NAPOLEON — Work officially began Friday for the town’s new aquatic center bathhouse and municipal golf course clubhouse project.

Mayor Jason Maassel, donned in a hard hat, led others in the ceremonial first toss of dirt late Friday morning at the site, just north where pool construction has been ongoing for weeks.

The contracted cost with Midwest Contracting, Holland, for the aquatic center/bathhouse and clubhouse project on Woodlawn Avenue is $1,517,000. The company was the low bidder among 10 firms that submitted proposals.

Astro Pool Co., Mansfield, was hired by the city earlier this year in a separate contract ($1,612,930.50) to install the new pool.

Evidence of that work was abundantly clear in the background of Friday’s ceremonial groundbreaking. Footers for the new pool have been placed, while the various depths — including a zero-level entry feature — are apparent.

The new pool is being constructed on the site of the old facility, which was removed earlier this year.

Maassel described Friday as a “good day” for Napoleon and thanked all those who made it possible. He especially praised the city’s parks and recreation director, Tony Cotter, and his staff for keeping the old pool going.

“... his team, his crew, they kept that old pool really well maintained for a long time,” said Maassel. “We knew it had issues, and Tony and his crew spent a lot of sleepless nights keeping that old pool going.”

Cotter offered some comments as well, reiterating thanks to the groups involved, but also recalling how the citizen effort to pass a 1.9-mill, 20-year pool levy that made the project possible unfolded.

He noted that a local resident (Kelly Sonnenberg) approached him in late 2017 about the possibility of a project, referencing other northwest Ohio communities who were adding new water features. She asked: “Why can’t we have this in Napoleon?”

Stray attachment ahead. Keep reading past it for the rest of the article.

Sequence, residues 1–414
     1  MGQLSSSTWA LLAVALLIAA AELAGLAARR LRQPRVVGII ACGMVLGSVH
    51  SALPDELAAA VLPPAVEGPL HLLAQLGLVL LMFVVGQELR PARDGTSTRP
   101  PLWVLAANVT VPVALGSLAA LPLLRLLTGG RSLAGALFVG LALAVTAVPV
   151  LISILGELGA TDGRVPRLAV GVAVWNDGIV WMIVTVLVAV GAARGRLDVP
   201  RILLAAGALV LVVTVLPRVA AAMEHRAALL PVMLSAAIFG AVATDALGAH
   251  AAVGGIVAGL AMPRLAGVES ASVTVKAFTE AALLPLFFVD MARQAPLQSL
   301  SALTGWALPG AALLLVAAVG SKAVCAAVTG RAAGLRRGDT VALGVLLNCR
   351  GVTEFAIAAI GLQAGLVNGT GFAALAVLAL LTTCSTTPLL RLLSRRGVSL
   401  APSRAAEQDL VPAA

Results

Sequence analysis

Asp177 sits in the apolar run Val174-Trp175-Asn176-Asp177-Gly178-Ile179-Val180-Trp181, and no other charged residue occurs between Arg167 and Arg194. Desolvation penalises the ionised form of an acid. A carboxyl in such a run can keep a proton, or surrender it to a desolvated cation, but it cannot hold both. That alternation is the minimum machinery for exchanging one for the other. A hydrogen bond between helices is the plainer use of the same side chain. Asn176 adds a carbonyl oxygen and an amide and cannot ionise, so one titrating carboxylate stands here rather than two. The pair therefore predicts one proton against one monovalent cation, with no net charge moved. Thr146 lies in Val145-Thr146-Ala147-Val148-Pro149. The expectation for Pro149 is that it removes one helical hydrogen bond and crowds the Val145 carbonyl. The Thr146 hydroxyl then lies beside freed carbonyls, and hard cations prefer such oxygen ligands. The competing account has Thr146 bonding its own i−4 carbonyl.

Cotter told her that we can, “but it’s going to take a lot of work, and not just from city people, but from community members like you. And she says, ‘what do I need to do?’ I said, well, get a group of people together and really push for this, and she says, ‘I’m on it.’ And she was. She approached myself, she approached City Manager Joel Mazur, and said that we want to do this.”

Thereafter, continued Cotter, city officials began meeting with Sonnenberg and her group at parks and recreation board meetings, committee sessions and city council meetings. He said “they put forth a very strong argument” for a project in Napoleon.

“She enlisted some help from some very driven people like Rachel Bostelman, Lisa Thompson, Lisa Nagel, Heather Gallagher, Molly Knepley, Ryan Funchion — I’m sure I’m missing a few, but they really put the hard work into it,” explained Cotter. “They campaigned and they really got the community support. A project like this is a pretty big financial investment for the community, and they were very successful in telling this community this would be great for Napoleon.

“So, we’re finally to that point and couldn’t be any happier,” concluded Cotter. “So, my thanks to everybody that’s involved — the pool commission, city council for supporting it, the parks and rec board for supporting it and this community for supporting it. So, as the mayor said, this is a good day, and we’re really looking forward to a facility that will be enjoyed for generations to come. So, thank you very much.”

The pool contract was separated from the bathhouse/clubhouse portion of the project because combined bids came in too high earlier this year. As the total cost was 10% above the engineer’s estimate, Napoleon City Council had no choice but to reject the bids for a single project contract.

Changes were made to the original project specifications for the bathhouse/pumphouse portion to achieve the requisite cost savings. The changes include smaller buildings, reduced deck space, a different roofline and a thinner concrete deck (from six inches to four).

Napoleon voters had approved the 1.9-mill levy in May 2019 to provide funds for the project, with expenditures capped at $3.5 million.

City officials hope to have the new pool and facilities open around Memorial Day weekend 2021.

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